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Slums in India

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The Nature and Causes of Growing Slum Problems in the Metropolitan Cities
The Nature and Causes of Growing Slum Problems in the Metropolitan Cities of India!
A slum can be defined as a “compact settlement with a collection of poorly built tenements, mostly of temporary nature, crowded together usually with inadequate sanitary and drinking water facilities in unhygienic conditions.” The growth of metropolitan cities in India has been largely unplanned and haphazard and this can be seen from the fact that one-fourth of total urban population lives in slum and squaller settlements.

Slum Population in India - Slum Population simply refers to people living in slum areas below the poverty line. As India is still on the path of development, there is large number of people living below the poverty line. These people usually live in slum areas connected to the city. According to Government sources, the Slum Population of India have exceeds the population of Britain. It has doubled in last two decades. According to last census in 2001, the slum-dwelling population of India had risen from 27.9 million in 1981 to 61.8 million in 2001. Indian economy has achieved a significant growth of 8 percent annually in last four years, but there is still large number of people nearly 1.1 billion still survives on less than 1 $ (around 46 INR) in a day.

Increase in Indian Population over a period of time has also resulted in slum population growth. Despite of Government efforts to build new houses and other basic infrastructure, most of the people living in slum areas do not have electricity, water supply and cooking gas.

Slum Population in Mumbai - The financial capital of India known as Mumbai is home to estimated 6.5 million slum people. Nearly half of Mumbai's Population lives in small shacks surrounded by open sewers. Nearly 55% of Mumbai's population lives in Slum areas.

Slum Population in Delhi - After Mumbai, Delhi has the second largest slum Population in India. Nearly 1.8 million people lives in slum areas in capital of India - New Delhi. These people are mostly unemployed or daily wage workers who cannot even afford basic necessities of life.

Future Slum Population in India
According to recent estimates, Maharashtra, Uttar Pradesh, Andhra Pradesh and Madhya Pradesh will be having largest share of slum population in India by 2017. These states are already home to a large number of slum populations which mostly lives in and around urban areas. By 2017, Maharashtra will be home to more than 20 million of slum population in India followed by Uttar Pradesh, Andhra Pradesh and Madhya Pradesh. It is estimated that by 2017, India's total Slum population will be 104 million. More

Total Slum Population in India | S No. | State / UT | Total Slum population | | | Persons | Males | Females | 1 | India | 42,578,150 | 22,697,218 | 19,880,932 | 2 | Andaman & Nicobar Is. | 16,244 | 8,855 | 7,389 | 3 | Andhra Pradesh | 5,187,493 | 2,625,745 | 2,561,748 | 4 | Assam | 82,289 | 43,472 | 38,817 | 5 | Bihar | 531,481 | 282,772 | 248,709 | 6 | Chandigarh | 107,125 | 62,762 | 44,363 | 7 | Chhatisgarh | 817,908 | 422,096 | 395,812 | 8 | Delhi | 2,029,755 | 1,140,334 | 889,421 | 9 | Goa | 14,482 | 7,469 | 7,013 | 10 | Gujarat | 1,866,797 | 1,020,288 | 846,509 | 11 | Haryana | 1,420,407 | 778,734 | 641,673 | 12 | Jammu & Kashmir | 268,513 | 143,416 | 125,097 | 13 | Jharkhand | 301,569 | 158,532 | 143,037 | 14 | Karnataka | 1,402,971 | 714,413 | 688,558 | 15 | Kerala | 64,556 | 31,699 | 32,857 | 16 | Madhya Pradesh | 2,417,091 | 1,269,757 | 1,147,334 | 17 | Maharashtra | 11,202,762 | 6,137,624 | 5,065,138 | 18 | Meghalaya | 86,304 | 43,078 | 43,226 | 19 | Orissa | 629,999 | 330,054 | 299,945 | 20 | Pondicherry | 73,169 | 36,012 | 37,157 | 21 | Punjab | 1,159,561 | 629,326 | 530,235 | 22 | Rajasthan | 1,294,106 | 681,541 | 612,565 | 23 | Tamil Nadu | 2,866,893 | 1,441,437 | 1,425,456 | 24 | Tripura | 29,949 | 15,093 | 14,856 | 25 | Uttar Pradesh | 4,395,276 | 2,348,679 | 2,046,597 | 26 | Uttranchal | 195,470 | 103,895 | 91,575 | 27 | West Bengal | 4,115,980 | 2,220,135 | 1,895,845 | Source: Census of India 2001 |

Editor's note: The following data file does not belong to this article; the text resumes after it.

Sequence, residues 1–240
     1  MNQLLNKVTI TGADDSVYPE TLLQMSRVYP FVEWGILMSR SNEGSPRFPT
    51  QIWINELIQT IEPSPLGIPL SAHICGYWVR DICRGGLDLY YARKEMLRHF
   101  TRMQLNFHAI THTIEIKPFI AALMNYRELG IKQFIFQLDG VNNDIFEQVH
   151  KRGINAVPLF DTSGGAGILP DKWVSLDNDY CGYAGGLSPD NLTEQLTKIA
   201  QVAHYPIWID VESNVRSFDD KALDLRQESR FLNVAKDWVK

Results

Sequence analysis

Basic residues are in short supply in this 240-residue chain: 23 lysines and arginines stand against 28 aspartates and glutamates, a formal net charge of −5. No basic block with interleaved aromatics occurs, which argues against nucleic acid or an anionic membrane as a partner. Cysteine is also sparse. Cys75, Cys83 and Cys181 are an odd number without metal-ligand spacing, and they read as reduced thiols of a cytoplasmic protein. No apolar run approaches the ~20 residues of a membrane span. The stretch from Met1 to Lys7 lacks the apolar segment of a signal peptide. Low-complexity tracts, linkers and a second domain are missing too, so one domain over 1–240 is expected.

Slum Population in India by States | State | 2011 | 2017
(Projected) | Maharashtra | 1.81 | 2.05 | Uttar Pradesh | 1.1 | 1.2 | Andhra Pradesh | 0.81 | 0.86 | Madhya Pradesh | 0.64 | 0.71 | Gujarat | 0.46 | 0.52 | Delhi | 0.31 | 0.37 | Source: Census of India 2011 | All figures in crores |

Total and Slum Population of Million Plus Cities in India, Census 2001 | Million Plus cities | T. Popn.(in ’000) | Slum Popn. (in ’000) | %of Slum to T. Popn. | Sex Ratio in
Non-Slum areas | Sex Ratio in Slum areas | Greater Mumbai | 11,978 | 6,475 | 54.06 | 859 | 770 | Delhi M. Corp. | 9,879 | 1,851 | 18.74 | 836 | 780 | Kolkata | 4,573 | 1,485 | 32.48 | 841 | 805 | Banglore * | 4,301 | 431 | 10.02 | 915 | 947 | Chennai * | 4,344 | 820 | 18.88 | 953 | 974 | Ahmedabad | 3,637 | 474 | 13.46 | 891 | 850 | Hyderabad * | 3,520 | 627 | 17.23 | 930 | 938 | Kanpur | 2,551 | 368 | 14.42 | 857 | 857 | Pune | 2,538 | 492 | 19.39 | 920 | 928 | Surat | 2,433 | 508 | 20.89 | 794 | 701 | All India | 73,346 | 17,697 | 24.13 | 874 | 820 |

*Million Cities of South India

*Reader,Dept. of Research Methodology,Tata Institute of Social Sciences,Mumbai – 400 088

Newly released census data shows families living in slums have a far better child sex ratio than the urban Indian average. Over a third of India’s slum dwellers live in unrecognised slums.
Over 65 million people live in slums, up from 52 million in 2001, but slum populations have grown slower than the average urban population over the last decade. The average household living in a slum is no larger than an average urban Indian household, with 4.7 family members. The child sex ratio (0-6 years) of an average slum household is 922 girls for every 1,000 boys, compared to 905 for urban India.